History of tuberculosis
In 1867, tuberculosis (TB) was the leading cause of death in Canada. The bacterium that causes TB, the tubercle bacillus, was discovered by a German scientist, Robert Koch, in 1882.
Proof that TB was contagious led to organized efforts to isolate those infected in sanatoria -- special hospitals where patients could rest and get fresh air and a good diet.
The "rest cure" was the most common treatment for TB until antibiotic treatment was developed in the 1950s.
Another form of treatment was "collapse therapy." Surgeons pumped air into the chest cavity so the lung could relax and the tuberculosis lesion could heal. The use of collapse therapy was first recorded in Ingersoll, Ontario in 1898, but it did not become standard Canadian practice until 1919.
The first tuberculosis survey in Canada was conducted in 1921 by the Saskatchewan Anti-Tuberculosis Commission to determine the rate of infection among school children. The survey found that more than half of the children were infected with TB.
Travelling TB clinics began in Ontario in 1923 and were soon used in every province. The clinics could diagnose, treat and follow-up with TB patients and their contacts.
Mobile x-ray machines could to find TB before people showed external symptoms, which made treatment far more effective.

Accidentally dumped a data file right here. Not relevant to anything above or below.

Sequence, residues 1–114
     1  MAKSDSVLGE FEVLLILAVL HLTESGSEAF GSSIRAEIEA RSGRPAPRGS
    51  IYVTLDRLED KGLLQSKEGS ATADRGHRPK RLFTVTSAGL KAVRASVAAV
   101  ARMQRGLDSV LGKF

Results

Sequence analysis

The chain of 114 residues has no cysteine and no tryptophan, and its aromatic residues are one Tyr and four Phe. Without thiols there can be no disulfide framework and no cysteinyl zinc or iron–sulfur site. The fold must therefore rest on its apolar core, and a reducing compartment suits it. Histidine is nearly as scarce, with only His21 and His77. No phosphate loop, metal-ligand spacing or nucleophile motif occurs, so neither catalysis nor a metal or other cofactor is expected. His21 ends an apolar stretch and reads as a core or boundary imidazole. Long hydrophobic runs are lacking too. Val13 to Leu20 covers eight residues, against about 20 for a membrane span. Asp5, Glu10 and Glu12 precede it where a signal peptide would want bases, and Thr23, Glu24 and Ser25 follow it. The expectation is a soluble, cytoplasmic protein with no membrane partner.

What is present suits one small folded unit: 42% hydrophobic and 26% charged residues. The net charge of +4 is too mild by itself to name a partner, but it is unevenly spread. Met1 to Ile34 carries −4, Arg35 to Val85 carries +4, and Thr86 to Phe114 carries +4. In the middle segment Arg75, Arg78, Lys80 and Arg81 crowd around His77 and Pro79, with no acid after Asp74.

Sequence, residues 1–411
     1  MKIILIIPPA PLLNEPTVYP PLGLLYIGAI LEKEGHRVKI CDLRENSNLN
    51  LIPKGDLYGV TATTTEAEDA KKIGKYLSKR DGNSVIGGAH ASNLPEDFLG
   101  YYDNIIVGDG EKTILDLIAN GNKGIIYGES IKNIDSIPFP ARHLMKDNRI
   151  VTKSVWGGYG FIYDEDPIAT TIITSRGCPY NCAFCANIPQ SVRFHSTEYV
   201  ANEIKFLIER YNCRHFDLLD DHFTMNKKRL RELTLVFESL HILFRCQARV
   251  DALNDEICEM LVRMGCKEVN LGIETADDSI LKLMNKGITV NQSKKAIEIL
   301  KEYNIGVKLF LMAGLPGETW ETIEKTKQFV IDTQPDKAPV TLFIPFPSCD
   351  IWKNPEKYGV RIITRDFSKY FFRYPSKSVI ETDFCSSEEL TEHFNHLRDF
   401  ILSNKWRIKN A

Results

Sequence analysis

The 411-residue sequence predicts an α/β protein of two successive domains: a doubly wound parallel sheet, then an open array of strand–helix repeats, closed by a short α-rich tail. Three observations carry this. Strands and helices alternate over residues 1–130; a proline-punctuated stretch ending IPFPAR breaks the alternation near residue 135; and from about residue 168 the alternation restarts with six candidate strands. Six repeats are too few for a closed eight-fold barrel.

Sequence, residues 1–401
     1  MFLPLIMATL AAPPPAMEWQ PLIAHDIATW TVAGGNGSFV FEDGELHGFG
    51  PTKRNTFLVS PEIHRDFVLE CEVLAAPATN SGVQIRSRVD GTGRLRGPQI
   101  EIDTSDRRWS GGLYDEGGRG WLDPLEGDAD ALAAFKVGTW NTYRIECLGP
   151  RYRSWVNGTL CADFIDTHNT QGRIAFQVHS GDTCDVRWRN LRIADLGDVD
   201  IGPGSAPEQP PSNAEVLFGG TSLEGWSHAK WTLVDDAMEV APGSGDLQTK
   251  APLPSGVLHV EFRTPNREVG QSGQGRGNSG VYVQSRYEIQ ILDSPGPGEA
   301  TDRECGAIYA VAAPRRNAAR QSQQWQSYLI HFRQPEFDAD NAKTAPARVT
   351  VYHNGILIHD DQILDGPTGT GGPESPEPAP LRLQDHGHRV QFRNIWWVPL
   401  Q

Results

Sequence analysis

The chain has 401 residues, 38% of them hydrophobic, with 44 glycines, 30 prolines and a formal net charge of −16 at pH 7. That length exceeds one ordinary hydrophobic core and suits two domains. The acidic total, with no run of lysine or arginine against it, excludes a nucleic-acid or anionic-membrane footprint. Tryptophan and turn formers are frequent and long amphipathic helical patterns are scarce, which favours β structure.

Streptomycin was discovered in 1946 -- the first specific antibiotic that could kill the TB-causing bacterium. This and other antibiotics became widely used against TB in the 1950s.
Antibiotic treatment and a gradual decline in the incidence of tuberculosis led to shorter stays in sanatoria. The number of TB beds in Canada dropped from 18,977 in 1953 to 9,722 in 1963 and by the 1970s, only a small number of TB patients were admitted to hospital.
Today, drug therapy is the only type of treatment prescribed by doctors. However, ensuring that patients take the full-course of drugs, which usually requires several months, remains a problem.
TB is still considered one of the deadliest infectious diseases, especially in developing countries.
For more information
- Canada's Role in Fighting Tuberculosis, Saskatchewan Lung Association
- The Anti-Tuberculosis Hospital: William James Topley/Library and Archives Canada/PA-009075
- Woman being tested: Archives of Ontario, Digital Image Number I0005205